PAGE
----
A Lake Houston Area Magazine


By Tiara Guard Marenco

From I Have To... To I Can't Wait To

by Tiara Guard Marenco

Have we just stepped out of a time machine? $25 to fill up my car, kids playing outside again, families eating at home, only going to town when you actually need to and people praying to God again. This might not be that bad... it might just be a blessing.

Emergencies may not be the moments when bad things get worse, or when people naturally become more scared, suspicious and egocentric. Maybe disasters actually open up human stockpiles of spontaneity, unity and determination. Maybe they open pockets of joy, even in the midst of fear and pain. Not saying that we should celebrate disasters or pandemics, but maybe we should realize that they force us into changes, some that may be good for us.

Take your thoughts back a few weeks and imagine someone telling you that, within a month, schools will be closed. Almost all public gatherings will be canceled. Hundreds of millions of people around the world will be out of work. Governments will be developing the largest economic stimulus packages in history. Landlords will not be collecting rent. Banks will cease to collect mortgage payments. Everyone 10 and older will be wearing a mask to leave the comfort of their homes. Would you have believed it?

Keeping a safe distance has been absolutely necessary for public safety during COVID-19, but it's OK to feel nostalgic for life's little moments that have temporarily fallen by the wayside. It is absolutely normal to miss all the things we had going on in our lives.

Whether it's going for a cup of coffee, taking a stroll and sparking up conversations with a friendly dog owner while on the green belt or enjoying a meal with friends, even mundane moments of once daily routines feel like a luxury people are eager to have back.

Humans thrive on routine. Things like taking the same route to work or seeing the same people at our weekly Zumba class provide us with a sense of comfort. It helps us feel in control. Since the days, weeks and months ahead are still uncertain, we are definitely feeling like we are out of control. Daily or frequent rituals like driving to your Mom's house and giving her a hug, getting your nails done or your hair cut, making an appointment to get your teeth cleaned or making reservations at your favorite restaurant are missed. As everyone resorts to cooking at home or ordering takeout, the idea of sitting down for a meal, prepared by chefs in a professional kitchen sounds like a dream. Meeting up for coffee or drinks with your buds sounds like a vacation. Believe me, your local waitresses, baristas, bartenders and hairdressers miss you as much as we miss them.

While people have gotten creative with virtual happy hours and hangouts, we can all add 'raising a glass to our health' to those activities we want to resume in person. While some people have jokingly seemed shocked by the notion that they miss working out, many have had an epiphany that the absence of physical activities really does make the heart grow fonder. Our local YMCA has been super generous making their workout routines on virtual platforms online free for all to use, but performing aerobics in your living room doesn't exactly hit the same levels of intensity as a high-octane, fast-paced class with your friends.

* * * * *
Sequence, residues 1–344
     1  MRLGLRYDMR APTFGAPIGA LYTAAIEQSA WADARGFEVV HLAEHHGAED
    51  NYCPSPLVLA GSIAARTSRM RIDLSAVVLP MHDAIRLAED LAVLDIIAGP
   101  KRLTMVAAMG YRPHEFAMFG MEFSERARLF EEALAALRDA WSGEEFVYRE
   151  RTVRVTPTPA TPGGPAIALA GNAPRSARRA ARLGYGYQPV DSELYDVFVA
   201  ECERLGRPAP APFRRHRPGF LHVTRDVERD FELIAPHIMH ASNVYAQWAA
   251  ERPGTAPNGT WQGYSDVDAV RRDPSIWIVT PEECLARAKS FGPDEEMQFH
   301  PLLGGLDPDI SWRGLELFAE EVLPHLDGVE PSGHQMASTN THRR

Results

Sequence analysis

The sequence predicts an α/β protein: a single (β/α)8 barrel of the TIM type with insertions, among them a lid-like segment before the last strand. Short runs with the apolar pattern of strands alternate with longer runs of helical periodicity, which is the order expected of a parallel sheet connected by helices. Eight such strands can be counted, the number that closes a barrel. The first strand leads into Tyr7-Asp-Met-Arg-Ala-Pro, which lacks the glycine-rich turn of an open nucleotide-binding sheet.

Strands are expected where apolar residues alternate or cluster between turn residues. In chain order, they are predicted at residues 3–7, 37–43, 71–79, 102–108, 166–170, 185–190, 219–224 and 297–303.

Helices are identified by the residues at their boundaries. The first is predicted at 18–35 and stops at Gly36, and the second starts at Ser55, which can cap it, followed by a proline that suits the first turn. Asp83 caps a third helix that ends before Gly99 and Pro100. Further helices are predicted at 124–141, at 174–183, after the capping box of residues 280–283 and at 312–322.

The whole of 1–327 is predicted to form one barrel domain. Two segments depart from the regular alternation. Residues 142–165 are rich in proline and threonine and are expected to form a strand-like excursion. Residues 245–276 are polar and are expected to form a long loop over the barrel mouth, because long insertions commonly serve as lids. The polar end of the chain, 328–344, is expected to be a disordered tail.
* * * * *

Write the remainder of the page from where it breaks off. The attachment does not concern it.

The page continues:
In what has felt like an eternal Sunday for some folks (I have a hard time remembering what day it is), there are millions of previously employed Americans who have lost jobs across a multitude of different industries that have seen a sharp decline in operations due to coronavirus.

This pandemic has divided us into two classes, essential and non-essential. For those Americans who are classified as non-essential and who are now unemployed, their wish is to go back to work. Those non-essentials that are confined to work at home wish to be free of those four walls. Be it in a busy commercial kitchen, at a desk next to their co-workers or in a local shop assisting customers, their desire is to return to their regular routine. Those Americans that are fortunate enough to still be employed and are considered essential just wish they could have a day off.

Teachers and students alike are missing the classroom. Add to that a few thousand parents, too, who are having to adjust to the double duty of working and teaching from home.

We even miss grocery shopping. Not the more recent panic buying in bulk or rows upon rows of empty shelves, but seeing people calmly pick up all the products they need, when they need it and getting into a normal checkout line.

Milestones have been missed - weddings cancelled, funerals forgotten, graduation ceremonies and proms postponed indefinitely, family reunions postponed, vacations terminated and other daily interactions for people to cherish that were supposed to happen and didn't.

Using Zoom, Go To Meeting, FaceTime, Skype and Drive-By's to create hangouts, workouts, happy hours and birthday parties are all great options, but they are merely replacements for the real person-to-person contact we all long for.

The activities we used to HAVE to do are now the things we CAN't WAIT to do.

The Forest Image has been a staple in the greater Lake Houston area for over a quarter century. We love the community and appreciate your feedback in our content. Please email us with your comments.

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